He believed these things long before he became President, and long before he ever entered politics. Nothing could shake his determination to rebuild the strength and the morale of every branch of the United States military. Nothing could shake his deep moral confidence and sense of purpose. And because of these qualities, Ronald Reagan changed the course of history as few men have ever done. (Applause.) He has seen the cause he stood for vindicated in his own lifetime, and the free peoples of the world will honor his name for generations to come. (Applause.)
The USS Ronald Reagan sets sail in a world filled with new dangers. Twenty-two-months-ago, we learned that threats which gather for years in secret can suddenly appear in our own cities. In a moment of tragedy, our nation was called to wage a global effort against terrorists and the threats they pose. And under President Bush, this campaign has been focused and unrelenting, and the conduct of our military has been superb. (Applause.) The outcome is certain: It will be complete victory for the United States and the cause of freedom. (Applause.)
In this war, our carriers have played, and will continue to play, a decisive role. On the morning of September 11th, 2001, the aircraft carrier USS Enterprise was heading home to Norfolk. Within moments, the ship reversed course, and by the next day, was within striking distance of Afghanistan, awaiting further orders. It was soon joined by the Carl Vinson, the Kitty Hawk, the Theodore Roosevelt, and the Stennis. Many of the combat missions supporting ground operations in Afghanistan came from these carriers, and gave the Taliban its first and last glimpse of American air and sea power. (Applause.)
Carriers were deployed with equal effect for the liberation of Iraq. That conflict signaled a new era in warfare, in which precisely targeted weapons launched from great staging bases at sea enabled us to destroy the command centers of an enemy regime, while sparing civilians and leaving infrastructure intact. In Afghanistan and in Iraq, we've removed regimes that supported terror against others, and brutalized their own people. Those were swift campaigns, but they were not easy.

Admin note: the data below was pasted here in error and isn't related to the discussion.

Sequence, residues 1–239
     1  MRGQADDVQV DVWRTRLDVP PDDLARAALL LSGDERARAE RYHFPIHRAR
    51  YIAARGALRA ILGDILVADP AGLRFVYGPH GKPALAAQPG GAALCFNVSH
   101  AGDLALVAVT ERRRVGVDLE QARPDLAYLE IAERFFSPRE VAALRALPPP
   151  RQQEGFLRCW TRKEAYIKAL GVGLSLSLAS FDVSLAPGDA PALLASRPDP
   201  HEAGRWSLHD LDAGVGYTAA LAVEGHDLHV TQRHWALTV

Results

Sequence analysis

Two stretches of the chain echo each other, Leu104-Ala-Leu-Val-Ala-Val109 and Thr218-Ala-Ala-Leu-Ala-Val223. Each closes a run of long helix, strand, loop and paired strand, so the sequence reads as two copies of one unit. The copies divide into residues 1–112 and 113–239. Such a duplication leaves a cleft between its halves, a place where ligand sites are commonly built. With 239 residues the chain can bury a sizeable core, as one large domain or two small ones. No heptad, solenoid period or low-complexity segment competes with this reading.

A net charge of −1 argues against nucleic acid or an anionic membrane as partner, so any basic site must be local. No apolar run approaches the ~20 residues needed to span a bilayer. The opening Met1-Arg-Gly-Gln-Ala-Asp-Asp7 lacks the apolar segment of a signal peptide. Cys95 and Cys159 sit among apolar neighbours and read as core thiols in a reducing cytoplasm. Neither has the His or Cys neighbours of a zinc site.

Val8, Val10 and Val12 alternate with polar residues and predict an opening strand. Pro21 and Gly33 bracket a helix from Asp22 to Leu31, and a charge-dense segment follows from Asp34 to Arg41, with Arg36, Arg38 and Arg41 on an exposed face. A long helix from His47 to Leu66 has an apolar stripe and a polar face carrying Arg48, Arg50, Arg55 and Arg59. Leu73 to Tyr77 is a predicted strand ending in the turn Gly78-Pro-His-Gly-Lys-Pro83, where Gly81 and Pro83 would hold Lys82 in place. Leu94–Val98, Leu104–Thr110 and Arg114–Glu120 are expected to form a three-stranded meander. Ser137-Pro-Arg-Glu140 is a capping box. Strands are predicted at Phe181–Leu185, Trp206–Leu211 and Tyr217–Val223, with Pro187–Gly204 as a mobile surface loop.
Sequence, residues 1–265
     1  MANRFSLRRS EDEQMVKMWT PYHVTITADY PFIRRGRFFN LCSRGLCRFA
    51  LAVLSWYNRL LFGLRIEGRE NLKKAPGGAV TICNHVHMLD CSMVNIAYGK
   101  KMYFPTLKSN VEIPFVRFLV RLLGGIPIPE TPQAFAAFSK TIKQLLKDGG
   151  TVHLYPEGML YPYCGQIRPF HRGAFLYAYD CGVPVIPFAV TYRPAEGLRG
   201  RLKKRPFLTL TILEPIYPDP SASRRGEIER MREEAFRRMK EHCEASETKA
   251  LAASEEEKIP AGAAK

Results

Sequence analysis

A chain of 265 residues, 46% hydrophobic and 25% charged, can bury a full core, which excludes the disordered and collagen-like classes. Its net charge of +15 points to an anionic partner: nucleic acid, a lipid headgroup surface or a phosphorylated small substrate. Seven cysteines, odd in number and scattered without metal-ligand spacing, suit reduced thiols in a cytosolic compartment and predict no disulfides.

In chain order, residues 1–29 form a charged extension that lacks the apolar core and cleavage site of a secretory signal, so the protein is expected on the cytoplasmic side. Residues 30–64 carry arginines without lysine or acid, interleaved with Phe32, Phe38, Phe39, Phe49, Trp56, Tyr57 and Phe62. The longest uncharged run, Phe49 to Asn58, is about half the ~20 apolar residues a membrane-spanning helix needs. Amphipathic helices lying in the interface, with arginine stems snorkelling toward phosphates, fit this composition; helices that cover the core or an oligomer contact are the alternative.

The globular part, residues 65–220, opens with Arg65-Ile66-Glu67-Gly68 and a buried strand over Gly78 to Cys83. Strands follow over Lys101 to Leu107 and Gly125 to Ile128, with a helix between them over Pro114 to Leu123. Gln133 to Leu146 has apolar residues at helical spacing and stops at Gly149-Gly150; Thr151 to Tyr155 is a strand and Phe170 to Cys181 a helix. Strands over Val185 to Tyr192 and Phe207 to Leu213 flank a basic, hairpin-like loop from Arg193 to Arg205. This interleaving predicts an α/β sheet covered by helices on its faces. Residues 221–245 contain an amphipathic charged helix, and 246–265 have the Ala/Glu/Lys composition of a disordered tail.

And the United States remains prepared to face difficulty and to confront danger wherever we must. As this nation leads the world in fighting terror, we cannot predict every turn in the future course of battle. But standing on this great floating airfield, we can know, at least, that we are ready to answer any challenge to the freedom and security of America and our friends. (Applause.)
More than two decades ago, President Reagan made his first voyage to an aircraft carrier, the USS Constellation. He called that ship "a powerful force in an uncertain world." And a generation later, we can say that of the ship that we've now named for him.
Last month, the Constellation returned home from its final deployment in the Arabian Gulf, where it served as the night carrier throughout Operation Iraqi Freedom. The Constellation will now be replaced by the Ronald Reagan, which, in its own time, will know its share of heavy winds and rough seas. But in the lifetime of this carrier, as in the lifetime of its namesake, enemies of freedom will fall away, and the realm of freedom will expand further across the face of the earth. (Applause.)
As we think this afternoon of our 40th President, we think also of the devoted wife at his side. Mrs. Reagan, our nation is so grateful to you. You've shared in your husband's great life. And today, you share in the pride of this tribute from the people of the United States of America. (Applause.)
May this ship find safe passage in all the voyages ahead, and may Almighty God watch over the officers and crew of the USS Ronald Reagan. (Applause.)